Discussion: Bhavani G.S
The Journey with the River Cauvery was the first film to be screened with the presence of its director. Making the Film Festival special, director Bhavani G.S was among many other viewers to watch her film, which is a film on personal journey along the river Cauvery. Being a painter by profession, it all started while doing side=specific works in the backwards of forest, when her encounter with the treatment of people to the river was a harsh reality. “The film originates from coorg, my home town”, she said. “ I wanted to know what are the practices and rituals accumulated by people while dealing with rivers, apart from basic habits of washing clothes and animals. Feeling her presence the journey was mesmerizing and enchanting to see the flow of her beauty in the midst of forest, mountains, towns and villages”, said the director. Highlighting the importance of water, she expressed “The reaction from people is alarming, when there is no water available for 3 or 4 days. This itself should make us all understand its relevance”, she concluded.
The power of cinema had gone through the minds of the audience and helped each and every mind to deal and find out answers to the existing complexities, as far as water is concerned. With more movies to be screened, Voices from the Water looked ahead, promising to celebrate the essence and the need of water for survival.
Discussion: Andrew Majweski.
It could not have been anything better for the second day to start with, when the film Colour of Water was screened in the presence of it Director Andrew Majweski. The film is a depiction of the system behind the functioning of various power oriented bodies. Building high dams on Nepal’s Himalayan Rivers in order to exploit their hydro-electric potential has for the last 50 years been widely promoted as the only way for this small Himalayan nation to mitigate the chronic poverty of the vast majority of its people. This documentary closely examines this paradigm of development, and finds that if implemented, its assumed benefits are not likely to be realized.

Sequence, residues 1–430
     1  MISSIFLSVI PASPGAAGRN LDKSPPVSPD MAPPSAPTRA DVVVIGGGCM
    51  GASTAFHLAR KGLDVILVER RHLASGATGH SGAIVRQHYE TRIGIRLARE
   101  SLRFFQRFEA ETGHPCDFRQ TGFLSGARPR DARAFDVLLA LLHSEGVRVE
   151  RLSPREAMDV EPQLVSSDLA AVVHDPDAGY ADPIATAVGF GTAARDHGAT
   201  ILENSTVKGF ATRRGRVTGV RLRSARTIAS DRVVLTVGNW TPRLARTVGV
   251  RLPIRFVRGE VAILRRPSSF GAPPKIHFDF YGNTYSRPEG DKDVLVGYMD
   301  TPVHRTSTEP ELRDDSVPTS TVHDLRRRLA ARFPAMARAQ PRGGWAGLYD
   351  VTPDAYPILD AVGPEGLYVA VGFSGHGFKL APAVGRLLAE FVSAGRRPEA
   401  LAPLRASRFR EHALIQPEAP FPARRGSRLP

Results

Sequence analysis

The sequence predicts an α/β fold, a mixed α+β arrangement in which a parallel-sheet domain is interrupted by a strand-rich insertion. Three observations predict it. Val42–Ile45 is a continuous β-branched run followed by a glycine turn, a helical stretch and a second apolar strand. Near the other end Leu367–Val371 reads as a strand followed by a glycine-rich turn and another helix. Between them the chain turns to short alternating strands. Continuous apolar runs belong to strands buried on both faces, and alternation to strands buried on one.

When asked about the solutions behind the problem situated around the building of the dam, Mr Andrew said “It was more of a technical question than a political one. Nepal must come together to realise the larger picture and not depend on existing arguments as the only option. Only then can solutions arise”.
As Voices from the Water looks at water and its issues at the global level, the film was a problem oriented and confined to Nepal. When quizzed about the title and the message it intends to send, Andrew said that the Colour of Water in Nepal is covered with dirt and I can only see the colour of money. Water should be seen as a life saving resource. Only then will the colour be neat and clean.
The final session on day three saw the screening of two very poignant documentaries charting the courses of two rivers, in different countries (Colombia and India) subjected to perverse contamination.
The first documentary Rio Bogota by director David Thayer is an exasperating plea of the dying river Bogota, as it is marred with domestic and industrial wastes. The murky water of the river is a testimony of the apathy of the government of Columbia and its citizens. The documentary is a desperate call for immediate action and warns about the brutal consequences of nonchalance towards the issue.
Photos: Sharath Babu Srinivas and Bayden Austin George